Their debit account is an online checking account that has no minimum balance and no monthly fees whatsoever. As a student, this means you can continue to use this account as your checking main account after graduation. They have partnered with the Allpoint ATM network so you get access to 60,000 ATMs.

What’s even better is that the debit card gives you 1% cashback on all purchases up to $3,000 each month – which is worth up to $360 in cash back each year. This is the everyday offer so you don’t have to worry about promotions or things changing on you.

Learn More about Discover Cashback Debit Account

3. SoFi Money – up to $100 Cash

SoFi Logo

SoFi stands for Social Finance and they’re a big student loan company that has tons of events for college graduates. They recently launched their SoFi Money, a cash management account, that offers a great interest rate (0.25% APY) plus up to $100 when you open an account and deposit $250 to get $25 then set up a direct deposit of $500 or more to get another $75.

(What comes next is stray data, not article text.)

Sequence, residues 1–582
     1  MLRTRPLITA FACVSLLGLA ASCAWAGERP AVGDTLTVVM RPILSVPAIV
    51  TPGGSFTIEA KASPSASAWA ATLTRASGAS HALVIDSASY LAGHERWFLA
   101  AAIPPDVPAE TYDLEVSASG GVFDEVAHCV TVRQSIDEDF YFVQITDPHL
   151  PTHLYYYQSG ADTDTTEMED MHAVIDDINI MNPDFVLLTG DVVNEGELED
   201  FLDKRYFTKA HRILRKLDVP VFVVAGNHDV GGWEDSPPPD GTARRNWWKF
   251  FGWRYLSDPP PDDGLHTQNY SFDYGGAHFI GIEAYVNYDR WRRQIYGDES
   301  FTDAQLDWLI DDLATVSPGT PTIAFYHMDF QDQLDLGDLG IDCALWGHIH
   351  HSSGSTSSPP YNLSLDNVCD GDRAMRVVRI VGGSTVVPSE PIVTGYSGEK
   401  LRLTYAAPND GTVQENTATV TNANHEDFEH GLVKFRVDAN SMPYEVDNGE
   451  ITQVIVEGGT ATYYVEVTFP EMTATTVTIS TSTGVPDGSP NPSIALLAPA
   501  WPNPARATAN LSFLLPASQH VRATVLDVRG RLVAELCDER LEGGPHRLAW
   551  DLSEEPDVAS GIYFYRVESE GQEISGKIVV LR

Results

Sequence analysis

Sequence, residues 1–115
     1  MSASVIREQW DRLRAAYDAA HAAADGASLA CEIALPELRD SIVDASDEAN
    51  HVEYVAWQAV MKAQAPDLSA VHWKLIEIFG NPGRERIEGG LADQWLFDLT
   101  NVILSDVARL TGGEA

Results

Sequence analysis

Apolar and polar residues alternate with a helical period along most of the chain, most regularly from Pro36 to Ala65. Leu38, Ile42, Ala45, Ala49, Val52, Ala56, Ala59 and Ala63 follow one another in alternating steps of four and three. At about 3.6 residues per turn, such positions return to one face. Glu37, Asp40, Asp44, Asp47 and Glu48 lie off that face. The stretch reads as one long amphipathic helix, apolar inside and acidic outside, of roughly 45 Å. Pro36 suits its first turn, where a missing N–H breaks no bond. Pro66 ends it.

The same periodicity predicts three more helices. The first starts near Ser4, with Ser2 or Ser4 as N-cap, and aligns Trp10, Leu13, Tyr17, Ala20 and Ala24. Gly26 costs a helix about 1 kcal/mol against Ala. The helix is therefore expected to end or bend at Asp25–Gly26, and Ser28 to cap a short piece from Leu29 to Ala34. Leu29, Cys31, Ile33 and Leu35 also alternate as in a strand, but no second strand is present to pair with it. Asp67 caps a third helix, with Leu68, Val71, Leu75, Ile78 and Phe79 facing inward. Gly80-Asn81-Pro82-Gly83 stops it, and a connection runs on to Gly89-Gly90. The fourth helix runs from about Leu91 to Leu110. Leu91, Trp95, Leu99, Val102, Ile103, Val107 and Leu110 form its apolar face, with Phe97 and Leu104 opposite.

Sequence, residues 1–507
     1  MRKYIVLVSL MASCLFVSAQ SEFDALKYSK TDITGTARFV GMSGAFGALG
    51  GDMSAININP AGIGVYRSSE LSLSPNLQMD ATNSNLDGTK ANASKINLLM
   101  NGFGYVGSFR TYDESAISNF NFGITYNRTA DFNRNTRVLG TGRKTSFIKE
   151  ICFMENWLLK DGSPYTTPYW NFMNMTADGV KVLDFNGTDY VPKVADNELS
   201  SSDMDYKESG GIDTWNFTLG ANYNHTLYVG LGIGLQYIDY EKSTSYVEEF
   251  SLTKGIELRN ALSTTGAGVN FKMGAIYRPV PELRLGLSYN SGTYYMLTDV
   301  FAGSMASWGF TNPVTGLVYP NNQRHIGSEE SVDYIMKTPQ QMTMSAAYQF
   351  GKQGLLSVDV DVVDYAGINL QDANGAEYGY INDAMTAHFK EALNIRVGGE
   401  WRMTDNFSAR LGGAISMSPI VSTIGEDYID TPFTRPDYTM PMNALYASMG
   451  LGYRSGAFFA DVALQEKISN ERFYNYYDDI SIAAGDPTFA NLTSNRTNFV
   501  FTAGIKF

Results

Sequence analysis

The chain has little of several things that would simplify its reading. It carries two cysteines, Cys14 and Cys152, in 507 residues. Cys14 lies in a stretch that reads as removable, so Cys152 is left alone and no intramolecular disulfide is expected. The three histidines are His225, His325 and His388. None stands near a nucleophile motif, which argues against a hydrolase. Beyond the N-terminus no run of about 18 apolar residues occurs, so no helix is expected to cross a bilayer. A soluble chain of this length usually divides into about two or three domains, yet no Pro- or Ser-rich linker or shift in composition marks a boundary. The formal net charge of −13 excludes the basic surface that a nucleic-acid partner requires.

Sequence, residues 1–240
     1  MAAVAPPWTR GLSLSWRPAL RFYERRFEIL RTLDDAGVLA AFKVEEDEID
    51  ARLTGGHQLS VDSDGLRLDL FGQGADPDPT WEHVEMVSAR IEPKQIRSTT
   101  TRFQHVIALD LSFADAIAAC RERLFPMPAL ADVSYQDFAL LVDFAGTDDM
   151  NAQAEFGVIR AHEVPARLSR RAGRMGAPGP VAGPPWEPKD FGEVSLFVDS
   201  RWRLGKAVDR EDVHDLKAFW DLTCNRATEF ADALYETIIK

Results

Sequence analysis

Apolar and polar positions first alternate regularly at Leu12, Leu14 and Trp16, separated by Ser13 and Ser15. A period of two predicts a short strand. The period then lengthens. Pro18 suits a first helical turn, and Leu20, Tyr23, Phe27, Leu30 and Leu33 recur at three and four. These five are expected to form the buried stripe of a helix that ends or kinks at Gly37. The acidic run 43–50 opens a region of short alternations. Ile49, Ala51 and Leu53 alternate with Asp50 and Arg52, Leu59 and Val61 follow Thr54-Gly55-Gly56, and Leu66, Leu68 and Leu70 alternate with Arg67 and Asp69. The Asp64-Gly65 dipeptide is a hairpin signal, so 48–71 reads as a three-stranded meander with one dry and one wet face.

It’s a cash management account that sits on top of a bank account run by one of their partner banks so you’re FDIC insured. What’s best is that there is no minimum balance required and no account fees. It’s one of the friendliest bank accounts you can get and you can even get ATM fees reimbursed as long as you use an ATM with a Visa, Plus, or NYCE logo. We have a full review of SoFi Money.

They also run a lot of promotions for all of their accounts, you can review the SoFi promotions here.

Learn More about SoFi Money

4. Ally Bank – Online Checking & Savings

Ally Bank has a great online savings and checking account that isn’t specifically for students but is perfect for them. As an online bank, they have no minimums and no maintenance fee for all customers. They also have partnered with Allpoint ATM network (43,000+ ATMs) and offer a $10 per statement cycle ATM fee reimbursement. All this on top of a very competitive interest rate, something you won’t see at a traditional bank.

While Ally is not specifically targeting college students, it’s one of the best online banks, because all of it’s standard features are just so good.

The Ally CashBack Credit Card is a no-annual-fee card that offers 2% cashback at gas stations and grocery stores with 1% everywhere else. If you can spend $500 in eligible purchases in the first three months, you can get a $100 bonus. Finally, there’s a 10% Ally Deposit Bonus if you deposit those rewards into an Ally Bank account.

Learn more about Ally Bank

5. USAA – Classic Checking for College Students